ROOT   Reference Guide

## Detailed Description

In this tutorial we learn how the RVec class can be used to adopt existing memory or allocate some.

import ROOT
# We use this class for didactic purposes: upon copy, a line is printed to the terminal.
ROOT.gInterpreter.Declare('''
class UponCopyPrinter {
public:
UponCopyPrinter() = default;
UponCopyPrinter(UponCopyPrinter &&) = default;
UponCopyPrinter(const UponCopyPrinter &) { std::cout << "Invoking copy c'tor!" << std::endl; }
};
''')
RVec_UponCopyPrinter = ROOT.ROOT.VecOps.RVec(ROOT.UponCopyPrinter)
# One of the essential features of RVec is its ability of adopting and owning memory.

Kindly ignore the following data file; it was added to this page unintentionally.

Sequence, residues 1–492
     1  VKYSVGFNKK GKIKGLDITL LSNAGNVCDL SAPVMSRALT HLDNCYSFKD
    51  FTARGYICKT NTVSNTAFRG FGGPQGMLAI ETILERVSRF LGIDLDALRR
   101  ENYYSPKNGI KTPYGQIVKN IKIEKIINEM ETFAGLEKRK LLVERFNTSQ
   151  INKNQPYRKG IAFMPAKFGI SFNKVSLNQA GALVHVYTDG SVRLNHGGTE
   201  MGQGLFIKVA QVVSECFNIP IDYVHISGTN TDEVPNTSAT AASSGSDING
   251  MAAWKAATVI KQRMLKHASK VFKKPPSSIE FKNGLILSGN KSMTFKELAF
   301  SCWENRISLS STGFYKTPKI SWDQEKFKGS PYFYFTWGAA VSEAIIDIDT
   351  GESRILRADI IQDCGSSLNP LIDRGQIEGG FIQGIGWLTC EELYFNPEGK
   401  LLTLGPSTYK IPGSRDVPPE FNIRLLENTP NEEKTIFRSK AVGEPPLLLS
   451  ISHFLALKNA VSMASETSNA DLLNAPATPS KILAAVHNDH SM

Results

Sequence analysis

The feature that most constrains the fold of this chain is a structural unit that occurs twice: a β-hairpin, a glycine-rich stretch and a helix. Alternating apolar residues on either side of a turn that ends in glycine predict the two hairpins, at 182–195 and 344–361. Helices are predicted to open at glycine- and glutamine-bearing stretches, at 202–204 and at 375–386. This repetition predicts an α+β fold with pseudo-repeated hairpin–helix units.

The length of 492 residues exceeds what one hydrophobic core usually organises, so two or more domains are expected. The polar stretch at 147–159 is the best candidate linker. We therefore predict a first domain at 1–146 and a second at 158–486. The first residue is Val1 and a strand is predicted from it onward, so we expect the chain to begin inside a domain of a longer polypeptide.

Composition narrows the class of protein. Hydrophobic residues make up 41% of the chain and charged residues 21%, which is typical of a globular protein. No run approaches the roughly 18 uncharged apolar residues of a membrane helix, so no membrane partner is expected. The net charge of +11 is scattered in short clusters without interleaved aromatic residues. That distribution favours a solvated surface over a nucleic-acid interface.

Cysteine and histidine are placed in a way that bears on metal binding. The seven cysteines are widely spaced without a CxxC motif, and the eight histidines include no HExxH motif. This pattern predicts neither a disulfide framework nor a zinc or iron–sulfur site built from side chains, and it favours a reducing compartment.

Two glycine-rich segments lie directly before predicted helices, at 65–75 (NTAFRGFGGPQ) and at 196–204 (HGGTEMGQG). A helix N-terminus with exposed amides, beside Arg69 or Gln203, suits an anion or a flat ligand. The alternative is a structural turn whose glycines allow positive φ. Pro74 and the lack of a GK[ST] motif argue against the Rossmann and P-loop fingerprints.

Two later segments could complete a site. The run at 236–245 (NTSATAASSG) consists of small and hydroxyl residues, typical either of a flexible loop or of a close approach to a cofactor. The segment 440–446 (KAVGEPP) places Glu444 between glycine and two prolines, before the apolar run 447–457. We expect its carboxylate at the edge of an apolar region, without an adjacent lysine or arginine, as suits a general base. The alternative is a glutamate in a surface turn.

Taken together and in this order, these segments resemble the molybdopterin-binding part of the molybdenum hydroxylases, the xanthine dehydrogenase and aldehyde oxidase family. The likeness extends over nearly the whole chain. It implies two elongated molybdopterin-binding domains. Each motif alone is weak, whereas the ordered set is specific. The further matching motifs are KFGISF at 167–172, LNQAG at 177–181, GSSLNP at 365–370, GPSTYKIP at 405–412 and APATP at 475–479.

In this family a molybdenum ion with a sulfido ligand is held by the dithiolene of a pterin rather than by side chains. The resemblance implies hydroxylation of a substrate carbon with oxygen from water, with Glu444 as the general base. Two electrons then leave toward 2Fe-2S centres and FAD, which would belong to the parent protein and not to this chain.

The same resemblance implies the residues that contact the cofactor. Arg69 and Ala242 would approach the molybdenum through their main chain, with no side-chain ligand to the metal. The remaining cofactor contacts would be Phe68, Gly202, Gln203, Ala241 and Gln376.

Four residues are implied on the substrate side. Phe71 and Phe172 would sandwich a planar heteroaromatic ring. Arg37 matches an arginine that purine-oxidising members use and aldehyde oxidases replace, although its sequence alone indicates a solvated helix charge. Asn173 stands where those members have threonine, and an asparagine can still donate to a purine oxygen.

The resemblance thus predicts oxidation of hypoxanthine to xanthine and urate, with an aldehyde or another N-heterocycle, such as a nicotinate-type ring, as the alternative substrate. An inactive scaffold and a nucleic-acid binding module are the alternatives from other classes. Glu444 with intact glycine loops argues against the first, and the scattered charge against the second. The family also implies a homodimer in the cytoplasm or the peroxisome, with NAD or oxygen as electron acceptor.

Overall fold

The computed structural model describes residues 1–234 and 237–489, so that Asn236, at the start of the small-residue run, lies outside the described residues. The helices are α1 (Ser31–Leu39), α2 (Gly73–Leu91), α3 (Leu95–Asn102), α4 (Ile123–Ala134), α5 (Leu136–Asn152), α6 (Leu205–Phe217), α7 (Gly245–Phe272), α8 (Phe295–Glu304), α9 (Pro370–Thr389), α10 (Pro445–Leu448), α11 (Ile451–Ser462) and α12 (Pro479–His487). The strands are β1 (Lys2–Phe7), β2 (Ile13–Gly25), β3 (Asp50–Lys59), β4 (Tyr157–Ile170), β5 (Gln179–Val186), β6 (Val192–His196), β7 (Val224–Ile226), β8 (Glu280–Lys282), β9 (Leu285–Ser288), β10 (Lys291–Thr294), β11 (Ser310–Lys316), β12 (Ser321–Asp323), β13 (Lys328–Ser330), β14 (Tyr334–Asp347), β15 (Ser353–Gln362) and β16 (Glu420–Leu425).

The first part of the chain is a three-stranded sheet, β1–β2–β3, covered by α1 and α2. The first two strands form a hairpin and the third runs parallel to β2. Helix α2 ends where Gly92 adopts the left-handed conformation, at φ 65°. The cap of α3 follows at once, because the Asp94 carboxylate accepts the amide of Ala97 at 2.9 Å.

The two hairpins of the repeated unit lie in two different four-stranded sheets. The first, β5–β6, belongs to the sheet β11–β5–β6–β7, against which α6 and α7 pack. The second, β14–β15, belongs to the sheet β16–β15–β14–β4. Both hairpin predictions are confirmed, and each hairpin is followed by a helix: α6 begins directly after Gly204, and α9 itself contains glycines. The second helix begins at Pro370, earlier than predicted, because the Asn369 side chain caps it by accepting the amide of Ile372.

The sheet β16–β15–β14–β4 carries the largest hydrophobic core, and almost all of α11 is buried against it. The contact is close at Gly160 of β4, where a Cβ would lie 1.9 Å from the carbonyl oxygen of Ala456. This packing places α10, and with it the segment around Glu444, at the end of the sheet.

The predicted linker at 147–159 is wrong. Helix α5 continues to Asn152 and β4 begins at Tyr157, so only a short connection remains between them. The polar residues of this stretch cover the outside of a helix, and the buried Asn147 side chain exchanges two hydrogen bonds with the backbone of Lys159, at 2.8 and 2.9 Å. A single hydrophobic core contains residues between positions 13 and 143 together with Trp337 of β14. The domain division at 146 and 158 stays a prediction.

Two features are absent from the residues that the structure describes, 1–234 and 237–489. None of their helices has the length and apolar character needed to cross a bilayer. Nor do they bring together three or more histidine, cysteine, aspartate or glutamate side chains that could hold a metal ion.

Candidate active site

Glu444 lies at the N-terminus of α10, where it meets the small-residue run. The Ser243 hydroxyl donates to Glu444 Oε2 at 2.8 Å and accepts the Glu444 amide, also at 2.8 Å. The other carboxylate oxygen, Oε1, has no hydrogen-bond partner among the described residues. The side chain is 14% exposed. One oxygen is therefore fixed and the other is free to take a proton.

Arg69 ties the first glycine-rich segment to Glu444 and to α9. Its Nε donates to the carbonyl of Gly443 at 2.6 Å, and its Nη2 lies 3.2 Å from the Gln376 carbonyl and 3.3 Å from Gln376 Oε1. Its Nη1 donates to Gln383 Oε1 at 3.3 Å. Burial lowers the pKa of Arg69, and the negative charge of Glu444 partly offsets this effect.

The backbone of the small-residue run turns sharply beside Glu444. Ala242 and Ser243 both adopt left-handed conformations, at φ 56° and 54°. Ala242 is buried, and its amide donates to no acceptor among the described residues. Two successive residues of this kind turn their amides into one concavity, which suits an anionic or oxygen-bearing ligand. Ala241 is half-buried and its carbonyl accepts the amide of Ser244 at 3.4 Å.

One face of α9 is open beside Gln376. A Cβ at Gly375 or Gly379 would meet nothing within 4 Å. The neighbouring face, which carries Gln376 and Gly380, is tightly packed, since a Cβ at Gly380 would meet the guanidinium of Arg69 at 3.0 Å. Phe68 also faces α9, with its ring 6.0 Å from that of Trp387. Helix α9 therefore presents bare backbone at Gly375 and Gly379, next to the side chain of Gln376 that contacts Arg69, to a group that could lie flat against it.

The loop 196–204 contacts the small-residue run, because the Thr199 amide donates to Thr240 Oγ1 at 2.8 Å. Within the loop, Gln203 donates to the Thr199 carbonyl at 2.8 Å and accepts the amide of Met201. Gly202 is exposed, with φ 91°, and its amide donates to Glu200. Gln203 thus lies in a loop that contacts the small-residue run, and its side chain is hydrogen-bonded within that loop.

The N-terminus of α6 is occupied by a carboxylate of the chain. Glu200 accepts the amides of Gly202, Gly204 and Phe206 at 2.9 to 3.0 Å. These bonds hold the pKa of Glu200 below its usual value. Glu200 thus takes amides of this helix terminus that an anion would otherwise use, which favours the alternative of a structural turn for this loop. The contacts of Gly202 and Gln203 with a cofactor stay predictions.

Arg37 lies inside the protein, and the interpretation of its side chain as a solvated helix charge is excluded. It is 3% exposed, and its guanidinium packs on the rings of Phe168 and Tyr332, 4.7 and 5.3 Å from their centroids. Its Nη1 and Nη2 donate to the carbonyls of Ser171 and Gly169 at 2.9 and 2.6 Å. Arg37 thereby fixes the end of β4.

# Internally this is handled by the ROOT::Detail::VecOps::RAdoptAllocator class.
# Let's create an RVec of UponCopyPrinter instances. We expect no printout:
v = RVec_UponCopyPrinter(3)
# Let's adopt the memory from v into v2. We expect no printout:
v2 = RVec_UponCopyPrinter(v.data(), v.size())
# OK, let's check the addresses of the memory associated to the two RVecs It is the same!
print("%s and %s" %(v.data(), v2.data()))
# Now, upon reallocation, the RVec stops adopting the memory and starts owning it. And yes,
# a copy is triggered. Indeed internally the storage of the RVec is an std::vector. Moreover,
# the interface of the RVec is very, very similar to the one of std::vector: you have already
# noticed it when the data() method was invoked, right?
v2.resize(4)
# Of course, now the addresses are different.
print("%s and %s" %(v.data(), v2.data()))
Date
May 2018